Advocates, voters, gun-owners and government officials each offered takes on how to address systemic mass violence, sparking yet another round of debate on the Constitution’s Second Amendment. While the many thoughts and prayers offered by lawmakers traversed party lines, actual bill proposals and policy solutions varied wildly, ranging from changing liability law to tightening regulations and even fully repealing the Second Amendment.
A number of bills targeted at what some Senators are calling gun regulation “loopholes” were introduced in the wake of the shooting, including one from U.S. Sens. Richard Blumenthal (D-CT), Chris Murphy (D-CT) and Dianne Feinstein (D-CA), according to Murphy’s office. The trio introduced legislation to prohibit gun sales from being completed when background checks take longer than 72 hours.
“This is [a] dangerous loophole that could allow criminals and those with mental illness to complete their purchase of firearms even though it would be unlawful for them to possess them,” Feinstein says. The Senators said this “gap” in the law helped Dylann Roof execute his attack on the Emanuel AME Church in Charleston, South Carolina last year.
“Waiting for a background check, even if longer than 72 hours, is a minor inconvenience far outweighed by the benefit of keeping lethal weapons out of the hands of dangerous people,” said Blumenthal. The trio also teamed up to introduce the Automatic Gun Fire Prevention Act, which they say would prohibit bump fire stock modifications that allows semi-automatic weapons to fire at the same rate as fully-automatic weapons.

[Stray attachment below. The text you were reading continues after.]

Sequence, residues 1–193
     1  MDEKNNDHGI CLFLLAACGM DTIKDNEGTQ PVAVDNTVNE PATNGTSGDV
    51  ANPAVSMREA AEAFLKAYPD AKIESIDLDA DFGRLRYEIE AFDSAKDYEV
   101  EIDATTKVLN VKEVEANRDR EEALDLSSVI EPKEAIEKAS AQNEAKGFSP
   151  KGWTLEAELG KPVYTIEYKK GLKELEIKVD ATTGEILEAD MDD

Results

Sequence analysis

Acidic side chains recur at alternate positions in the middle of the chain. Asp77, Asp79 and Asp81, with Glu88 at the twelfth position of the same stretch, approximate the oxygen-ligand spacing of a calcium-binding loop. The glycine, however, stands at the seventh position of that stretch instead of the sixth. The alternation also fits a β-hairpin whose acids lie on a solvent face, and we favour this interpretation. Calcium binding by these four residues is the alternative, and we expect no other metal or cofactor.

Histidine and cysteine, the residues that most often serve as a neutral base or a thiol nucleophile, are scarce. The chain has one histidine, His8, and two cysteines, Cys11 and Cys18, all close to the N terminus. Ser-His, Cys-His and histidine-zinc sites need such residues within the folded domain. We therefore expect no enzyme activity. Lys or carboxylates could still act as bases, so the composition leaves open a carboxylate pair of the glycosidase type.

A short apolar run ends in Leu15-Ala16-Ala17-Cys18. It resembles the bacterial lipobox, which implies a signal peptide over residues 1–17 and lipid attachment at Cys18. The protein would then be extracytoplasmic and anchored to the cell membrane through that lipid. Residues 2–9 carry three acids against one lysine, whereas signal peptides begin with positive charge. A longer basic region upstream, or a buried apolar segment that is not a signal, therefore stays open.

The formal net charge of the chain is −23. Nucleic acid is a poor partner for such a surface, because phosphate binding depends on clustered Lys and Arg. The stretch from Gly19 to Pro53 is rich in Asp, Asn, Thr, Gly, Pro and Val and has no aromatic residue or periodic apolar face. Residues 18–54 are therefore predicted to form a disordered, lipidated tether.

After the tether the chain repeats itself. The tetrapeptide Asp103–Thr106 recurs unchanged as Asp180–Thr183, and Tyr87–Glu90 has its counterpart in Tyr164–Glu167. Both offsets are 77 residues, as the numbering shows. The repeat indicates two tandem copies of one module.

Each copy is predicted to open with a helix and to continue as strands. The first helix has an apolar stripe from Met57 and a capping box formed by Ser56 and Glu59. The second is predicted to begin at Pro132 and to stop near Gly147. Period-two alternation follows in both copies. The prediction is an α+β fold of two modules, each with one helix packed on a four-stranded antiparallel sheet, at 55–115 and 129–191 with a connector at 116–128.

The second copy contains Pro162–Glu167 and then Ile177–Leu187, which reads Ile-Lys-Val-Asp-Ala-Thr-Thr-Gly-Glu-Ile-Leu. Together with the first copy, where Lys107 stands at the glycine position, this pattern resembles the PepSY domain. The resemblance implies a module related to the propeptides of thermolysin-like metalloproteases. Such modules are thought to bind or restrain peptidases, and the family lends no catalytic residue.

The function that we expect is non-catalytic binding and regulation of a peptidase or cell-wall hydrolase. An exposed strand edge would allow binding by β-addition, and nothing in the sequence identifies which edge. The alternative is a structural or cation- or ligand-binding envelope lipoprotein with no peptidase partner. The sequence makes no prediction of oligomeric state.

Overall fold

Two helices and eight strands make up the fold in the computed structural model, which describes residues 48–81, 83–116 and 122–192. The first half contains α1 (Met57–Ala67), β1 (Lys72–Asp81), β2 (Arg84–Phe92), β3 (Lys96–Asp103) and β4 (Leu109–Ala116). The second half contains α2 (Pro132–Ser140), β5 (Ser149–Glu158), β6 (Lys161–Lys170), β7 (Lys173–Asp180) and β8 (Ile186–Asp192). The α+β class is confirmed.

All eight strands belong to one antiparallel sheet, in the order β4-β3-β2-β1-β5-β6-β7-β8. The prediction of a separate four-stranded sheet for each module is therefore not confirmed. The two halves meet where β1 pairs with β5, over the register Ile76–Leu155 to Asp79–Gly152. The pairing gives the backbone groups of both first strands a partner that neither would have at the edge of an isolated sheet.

“Bump fire stocks skirt the law to effectively make a semi-automatic weapon mimic an illegal fully automatic weapon–that’s literally the only reason it exists,” said Murphy. “ … Automatic weapons are outlawed for a reason, and the horror in Las Vegas made clear why. Congress needs to pass this bill ASAP or we will see them seized by even more mass murderers and terrorists.”
The National Rifle Association, ardent supporters of the rights of gun owners, similarly released a statement advocating the review of certain devices used to modify firearms. “The NRA believes that devices designed to allow semi-automatic rifles to function like fully-automatic rifles should be subject to additional regulations,” said the NRA’s Wayne LaPierre and Chris Cox in a joint statement.
The advocacy group, though, rejected the notion that reducing gun ownership outright would help make Americans safer. Citing an “increasingly dangerous world,” the NRA’s statement called for the “strengthening” of Second Amendment freedoms. “To that end, on behalf of our five million members across the country, we urge Congress to pass National Right-to-Carry reciprocity, which will allow law-abiding Americans to defend themselves and their families from acts of violence."
That reciprocity would require states to recognize permits granted in other states. Earlier this year, Rep. Richard Hudson (NC-08), introduced a bill to allow interstate gun owners the ability to carry their weapons with them from state to state. “Our Second Amendment right doesn’t disappear when we cross state lines, and this legislation guarantees that,” Hudson said. “The Concealed Carry Reciprocity Act of 2017 is a common sense solution to a problem too many Americans face.”